Will You Be Able to Afford Your New Health Insurance?
Posted Jan 21 2013 10:04am
Last November I wrote about my displeasure with the changes coming in 2013 to medical flexible spending accounts (FSA), the result of more provisions of the Patient Protection and Affordable Care Act (PPACA), a.k.a. Obamacare being implemented. But those aren't the only changes looming on the horizon. 2014 and 2018 are also years when more big changes are coming.
I was quite taken aback when I found out the ceiling on health plan out-of-pocket expenses will rise to $6,000 for individuals and $12,000 for families starting in 2014.
First, let's answer the question: So what are out-of-pocket medical expenses? They include things like deductibles, co-insurance, premiums and co-pays; they are the "cost-sharing" provisions in your health insurance plan.
I logged into our health insurance plan's website to see what our out-of-pocket maximums are for this year and discovered they are no where near the new 2014 $6,000/$12,000 limits. Then I got worried. What if my husband's employer decided to raise the out-of-pocket maximums to the new limits in 2014? How much would we have to pay out-of-pocket before our health insurance benefits actually kicked in? And how are we going to be able to afford to pay these higher out-of-pocket medical costs?
Adding insult to injury is that fact that this year, deducting itemized medical expenses on your Federal taxes is going to be much harder. Before, you could deduct any expenses that where higher than 7.5% of your adjusted gross income. Starting in 2013, that percentage rises to 10%.
So we are facing higher out-of-pocket medical expenses and a reduced ability to deduct them on our taxes.
So how did our legislators decide on these new out-of-pocket medical expense guidelines? They were set based on rates associated with high deductible health plans.
According to Kaiser Health News , high-deductible plans are becoming the new trend in health care coverage. They say that Fortune 500 companies like General Electric, Chrysler, Wells Fargo, American Express, JPMorgan and Whole Foods are all switching the health plans they offer their employees to this model.
Historically, most people who got a high deductible health insurance were healthy. They didn't think they'd need to use their health insurance, so they choose this option "just in case" something might happen. Hence these plans were sometimes called catastrophic coverage plans.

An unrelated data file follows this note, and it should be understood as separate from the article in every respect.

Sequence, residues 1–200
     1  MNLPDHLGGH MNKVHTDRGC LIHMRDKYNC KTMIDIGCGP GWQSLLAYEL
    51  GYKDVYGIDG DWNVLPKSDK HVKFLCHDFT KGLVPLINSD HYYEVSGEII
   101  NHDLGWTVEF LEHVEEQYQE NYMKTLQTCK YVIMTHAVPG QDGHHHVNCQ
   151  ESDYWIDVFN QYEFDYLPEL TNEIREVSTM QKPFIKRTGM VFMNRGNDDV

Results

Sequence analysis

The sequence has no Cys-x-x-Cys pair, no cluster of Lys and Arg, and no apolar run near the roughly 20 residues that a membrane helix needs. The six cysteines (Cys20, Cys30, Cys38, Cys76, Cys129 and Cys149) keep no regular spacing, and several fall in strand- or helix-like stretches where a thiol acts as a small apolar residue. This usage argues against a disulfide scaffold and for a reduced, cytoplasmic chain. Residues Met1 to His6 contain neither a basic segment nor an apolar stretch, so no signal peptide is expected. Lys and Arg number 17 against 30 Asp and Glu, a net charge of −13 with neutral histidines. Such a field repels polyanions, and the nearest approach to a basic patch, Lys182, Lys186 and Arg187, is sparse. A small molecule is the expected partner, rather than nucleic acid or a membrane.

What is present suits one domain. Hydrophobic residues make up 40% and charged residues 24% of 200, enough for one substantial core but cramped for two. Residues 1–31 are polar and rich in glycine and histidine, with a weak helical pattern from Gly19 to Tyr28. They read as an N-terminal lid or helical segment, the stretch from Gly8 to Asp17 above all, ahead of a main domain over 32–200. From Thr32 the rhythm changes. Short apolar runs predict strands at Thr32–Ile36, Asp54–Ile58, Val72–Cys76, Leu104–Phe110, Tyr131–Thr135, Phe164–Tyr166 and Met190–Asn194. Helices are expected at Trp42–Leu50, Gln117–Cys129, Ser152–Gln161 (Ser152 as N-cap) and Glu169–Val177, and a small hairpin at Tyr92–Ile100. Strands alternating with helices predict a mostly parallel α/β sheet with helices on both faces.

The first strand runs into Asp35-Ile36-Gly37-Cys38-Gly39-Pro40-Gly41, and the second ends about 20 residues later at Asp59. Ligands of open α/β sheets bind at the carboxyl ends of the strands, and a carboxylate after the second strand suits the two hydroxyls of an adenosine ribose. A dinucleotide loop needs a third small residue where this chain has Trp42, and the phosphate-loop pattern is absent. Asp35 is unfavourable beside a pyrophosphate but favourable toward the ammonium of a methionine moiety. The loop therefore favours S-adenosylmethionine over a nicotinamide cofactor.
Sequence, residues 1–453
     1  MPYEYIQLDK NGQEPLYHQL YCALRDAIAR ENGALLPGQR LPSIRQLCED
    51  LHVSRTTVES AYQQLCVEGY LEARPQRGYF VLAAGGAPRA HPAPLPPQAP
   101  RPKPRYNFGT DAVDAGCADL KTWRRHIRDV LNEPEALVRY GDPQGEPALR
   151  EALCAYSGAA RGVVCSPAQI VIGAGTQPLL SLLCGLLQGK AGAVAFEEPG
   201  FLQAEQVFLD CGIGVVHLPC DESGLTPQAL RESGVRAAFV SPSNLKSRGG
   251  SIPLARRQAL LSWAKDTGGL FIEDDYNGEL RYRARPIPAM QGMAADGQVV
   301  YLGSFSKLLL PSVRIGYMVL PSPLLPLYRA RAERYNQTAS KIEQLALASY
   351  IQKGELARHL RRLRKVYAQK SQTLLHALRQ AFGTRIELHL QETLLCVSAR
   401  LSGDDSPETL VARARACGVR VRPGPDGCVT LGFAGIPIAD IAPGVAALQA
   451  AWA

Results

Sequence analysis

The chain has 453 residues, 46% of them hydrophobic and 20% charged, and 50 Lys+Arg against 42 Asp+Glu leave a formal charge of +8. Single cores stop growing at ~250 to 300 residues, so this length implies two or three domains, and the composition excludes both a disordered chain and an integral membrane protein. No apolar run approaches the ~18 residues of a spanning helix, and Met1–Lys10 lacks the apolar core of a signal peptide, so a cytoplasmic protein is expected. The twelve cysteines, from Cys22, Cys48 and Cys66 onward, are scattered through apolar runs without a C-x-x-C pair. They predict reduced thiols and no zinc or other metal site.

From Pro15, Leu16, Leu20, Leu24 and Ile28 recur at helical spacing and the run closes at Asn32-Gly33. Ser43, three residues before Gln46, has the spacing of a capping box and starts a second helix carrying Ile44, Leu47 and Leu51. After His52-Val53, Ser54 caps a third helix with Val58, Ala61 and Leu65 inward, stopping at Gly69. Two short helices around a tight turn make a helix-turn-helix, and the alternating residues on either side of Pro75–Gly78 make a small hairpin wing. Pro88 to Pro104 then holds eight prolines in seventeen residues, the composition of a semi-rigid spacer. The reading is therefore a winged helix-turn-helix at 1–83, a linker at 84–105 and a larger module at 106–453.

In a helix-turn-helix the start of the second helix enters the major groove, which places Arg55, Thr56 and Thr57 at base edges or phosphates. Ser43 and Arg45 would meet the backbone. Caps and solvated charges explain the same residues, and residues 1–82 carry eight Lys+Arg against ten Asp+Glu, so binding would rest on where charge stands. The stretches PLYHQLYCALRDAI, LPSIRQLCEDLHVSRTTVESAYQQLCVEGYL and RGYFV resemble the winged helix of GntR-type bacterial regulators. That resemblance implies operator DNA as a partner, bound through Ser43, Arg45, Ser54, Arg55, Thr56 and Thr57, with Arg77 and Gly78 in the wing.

Employers like these plans because it means they can contribute less to their employees' health care costs. In the changing world of health plans, these kinds of plans are now being viewed as "consumer-driven" which adds to their appeal. Here's how this thinking goes
If the employee has to pay with their money first to get medical care, then they will:
take better care of themselves to avoid needing medical care
be more concerned about medical costs and
opt out of unnecessary tests and procedures when they do go to the doctor
O.K., so I have some questions and concerns.
How is the average patient supposed to "shop" for low-cost, quality medical care when this kind of information is currently not available? And how are patients supposed to know what medical tests and procedures are needed and which ones aren't?
What will we have to do? Take our laptops with us to medical appointments and use Dr. Google to figure out if what we are being told is the standard of care? Or worse, delay care so we can research the alternatives before making a decision?
I think this high deductible health care model is so unfriendly to those of us with chronic illness! How we all *wish* it were as easy as just "taking better care of ourselves." We need to see our medical providers just to maintain what reduced quality of life and level of function we do have.
Plus is lower cost medical care really the answer for people living with chronic illness? Many of us started with general practitioners when we first became ill and quickly learned that we needed specialists in order to get accurate diagnoses and treatments. Specialists will cost more to see, but in the long run, they are often the only ones who possess the knowledge, expertise and skills needed to keep us stable and functioning to the best of our abilities.
So we are all going to be mandated to pay for medical insurance. Then we are going to have to pay high out-of-pocket costs to access the health care system before that medical insurance kicks in and starts actually paying the bills. Which means some people will have a whole new problem--will they be able to afford to use their new health insurance?
I think offer health plans that erect financial obstacles to obtaining necessary medical care is ridiculous. How does this make any sense? I think these new guidelines and trends will mean that people will forgo medical appointments when they don't have the money to pay out-of-pocket expenses. And when people put off seeing a doctor because they can't afford it, this increases the number of health complications, trips to the emergency room and hospitalizations.
So is health care reform really helping us or just making things more difficult and complicated? I have serious doubts that this will make health care more accessible or affordable. I'd love to hear what you think.